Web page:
the ceiling under strong light. You shouldn’t be able to see it.
The edge itself should be invisible. If, however, you see glints of
light, those are spots where the edge has rolled. The edge is still
reasonably sharp, it’s just not pointing straight down anymore. The
steel realigns the edge of the knife, forcing the rolled spots back
into line, making it useable again.
will get into the various types of steels in just a moment, but be
aware that the grooved steels that come with knife sets do in
fact remove metal. A grooved steel acts as a file when used with a
heavy hand, knocking microscopic chips out of your edge. At the very
least, it is much coarser than the fine abrasive you used to achieve
your edge. Steeling heavily with a grooved steel is taking several
steps backward. A grooved steel should be used with caution and a
very light touch.
The standard image we all have of steeling a
knife involves a chef with his knife in one hand and steel in the
other, blade flashing and ringing. If you’re particularly adept at
this type of swordsmanship, have at it. It impresses the tourists.
more effective method is to stand the steel straight up and down with
the handle up and the tip resting on a folded towel to keep it from
slipping. Why? Geometry.
Place the knife edge against the
steel with the blade perpendicular to the steel – 90 degrees,
right? Rotate your wrist so that you reduce the angle by half – 45
degrees. Reduce that by half – 22.5 degrees, and you are exactly
where you need to be to steel your knife (if you have a 20 degree
edge). You generally want to steel at a very slightly steeper angle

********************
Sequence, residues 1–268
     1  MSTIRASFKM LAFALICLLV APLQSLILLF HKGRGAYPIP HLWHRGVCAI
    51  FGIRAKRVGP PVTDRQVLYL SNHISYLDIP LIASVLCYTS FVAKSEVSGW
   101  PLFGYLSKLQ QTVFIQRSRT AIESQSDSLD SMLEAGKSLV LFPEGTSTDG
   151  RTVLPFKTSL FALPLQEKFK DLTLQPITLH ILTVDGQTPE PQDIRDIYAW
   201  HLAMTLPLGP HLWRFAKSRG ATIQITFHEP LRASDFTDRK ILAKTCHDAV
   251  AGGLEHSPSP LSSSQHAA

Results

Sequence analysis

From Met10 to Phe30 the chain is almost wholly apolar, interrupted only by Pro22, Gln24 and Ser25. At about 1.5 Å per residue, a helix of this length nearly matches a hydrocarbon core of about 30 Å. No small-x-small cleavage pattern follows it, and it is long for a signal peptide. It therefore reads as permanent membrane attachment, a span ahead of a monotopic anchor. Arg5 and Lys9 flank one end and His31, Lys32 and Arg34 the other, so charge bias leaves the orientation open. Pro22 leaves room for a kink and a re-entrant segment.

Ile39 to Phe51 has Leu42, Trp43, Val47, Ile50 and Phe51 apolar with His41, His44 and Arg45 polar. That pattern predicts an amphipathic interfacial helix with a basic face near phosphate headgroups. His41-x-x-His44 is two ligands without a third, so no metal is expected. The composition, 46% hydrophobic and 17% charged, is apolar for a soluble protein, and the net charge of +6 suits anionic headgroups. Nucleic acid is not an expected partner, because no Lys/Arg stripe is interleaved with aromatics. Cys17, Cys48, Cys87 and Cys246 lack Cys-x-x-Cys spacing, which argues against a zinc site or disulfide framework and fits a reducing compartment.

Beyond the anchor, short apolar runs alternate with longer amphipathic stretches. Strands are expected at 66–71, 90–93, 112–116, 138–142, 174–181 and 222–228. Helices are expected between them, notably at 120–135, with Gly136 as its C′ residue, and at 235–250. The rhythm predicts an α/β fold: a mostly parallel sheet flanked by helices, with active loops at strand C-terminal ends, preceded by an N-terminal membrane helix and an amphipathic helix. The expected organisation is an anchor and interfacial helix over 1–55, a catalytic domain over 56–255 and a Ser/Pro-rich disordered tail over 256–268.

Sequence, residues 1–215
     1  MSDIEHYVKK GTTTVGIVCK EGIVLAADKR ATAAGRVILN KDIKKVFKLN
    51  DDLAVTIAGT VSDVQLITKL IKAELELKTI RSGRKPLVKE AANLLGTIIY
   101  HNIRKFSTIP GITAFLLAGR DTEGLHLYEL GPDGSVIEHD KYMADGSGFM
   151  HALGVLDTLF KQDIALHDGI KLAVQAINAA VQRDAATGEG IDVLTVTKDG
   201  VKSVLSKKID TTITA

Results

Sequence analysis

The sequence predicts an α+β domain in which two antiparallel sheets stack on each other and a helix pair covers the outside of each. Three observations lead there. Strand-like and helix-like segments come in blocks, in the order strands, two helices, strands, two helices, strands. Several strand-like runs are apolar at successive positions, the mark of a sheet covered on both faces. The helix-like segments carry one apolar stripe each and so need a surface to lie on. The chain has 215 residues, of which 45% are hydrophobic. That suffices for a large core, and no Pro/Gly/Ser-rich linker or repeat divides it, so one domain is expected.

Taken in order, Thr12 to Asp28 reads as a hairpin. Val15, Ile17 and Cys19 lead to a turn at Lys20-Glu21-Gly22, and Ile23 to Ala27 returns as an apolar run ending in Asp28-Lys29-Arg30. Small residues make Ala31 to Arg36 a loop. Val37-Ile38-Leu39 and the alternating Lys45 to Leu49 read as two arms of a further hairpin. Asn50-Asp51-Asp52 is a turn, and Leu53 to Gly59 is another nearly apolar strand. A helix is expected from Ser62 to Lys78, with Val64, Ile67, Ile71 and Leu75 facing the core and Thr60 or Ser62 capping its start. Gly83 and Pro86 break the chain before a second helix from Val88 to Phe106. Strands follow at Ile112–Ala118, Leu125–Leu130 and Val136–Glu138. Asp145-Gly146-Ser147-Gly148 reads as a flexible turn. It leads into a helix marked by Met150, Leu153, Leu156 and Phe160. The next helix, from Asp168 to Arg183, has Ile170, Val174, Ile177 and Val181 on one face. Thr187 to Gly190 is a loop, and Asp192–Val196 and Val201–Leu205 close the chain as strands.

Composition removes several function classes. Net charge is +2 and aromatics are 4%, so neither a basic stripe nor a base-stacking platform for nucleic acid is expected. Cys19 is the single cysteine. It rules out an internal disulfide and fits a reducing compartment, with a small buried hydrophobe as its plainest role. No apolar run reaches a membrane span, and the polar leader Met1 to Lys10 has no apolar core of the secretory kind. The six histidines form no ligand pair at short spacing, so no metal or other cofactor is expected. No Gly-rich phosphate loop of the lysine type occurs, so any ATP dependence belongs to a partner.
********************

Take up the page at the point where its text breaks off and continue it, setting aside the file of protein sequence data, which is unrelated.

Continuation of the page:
than the edge bevel itself.
can also use the Paper Airplane Trick to make a guide to prop
against your steel so you know you are hitting the proper
When you’re steeling, lock your wrist and stroke the
knife from heel to tip by unhinging at the shoulder – it’s your
pivot point – and slowly dropping your forearm. The key is to
maintain a consistent angle all the way through the stroke. By
locking your wrist and elbow, you will keep your angle stable from
top to bottom. Go slowly and follow all the way through the
tip. You don’t have to press very hard to realign the edge.
Steeling requires barely more pressure than the weight of the knife
Alternate from side to side, keeping the same
alignment and angle on both sides. It really only takes four or five
strokes per side to get your knife ready for more work.
should you steel? Every time you use your knife. Oddly enough,
steeling before you use the knife is much more effective than
steeling afterward. A steeled edge can be very sharp, but it is not
as durable as a freshly honed edge. If you don’t use a steeled edge
right away it can actually relax back into its blunted state. The
same is true of a blunted edge. If you really degrade the edge of
your knife in a heavy cutting session, let it sit overnight before
sharpening. It will be in much better shape than it was the day
You should also steel before sharpening so any rolled
or impacted edges are pushed back into alignment. That way you don’t
cut off the rolled edge and lose more metal than you really need to.
You also can steel after sharpening to add a final bit of polish
(especially on a medium to medium fine edge) and tooth alignment. A
steel actually “smears” the edge, teasing out a little more
thinness. You’ll have a keener edge, but it will be weaker than the
freshly sharpened edge.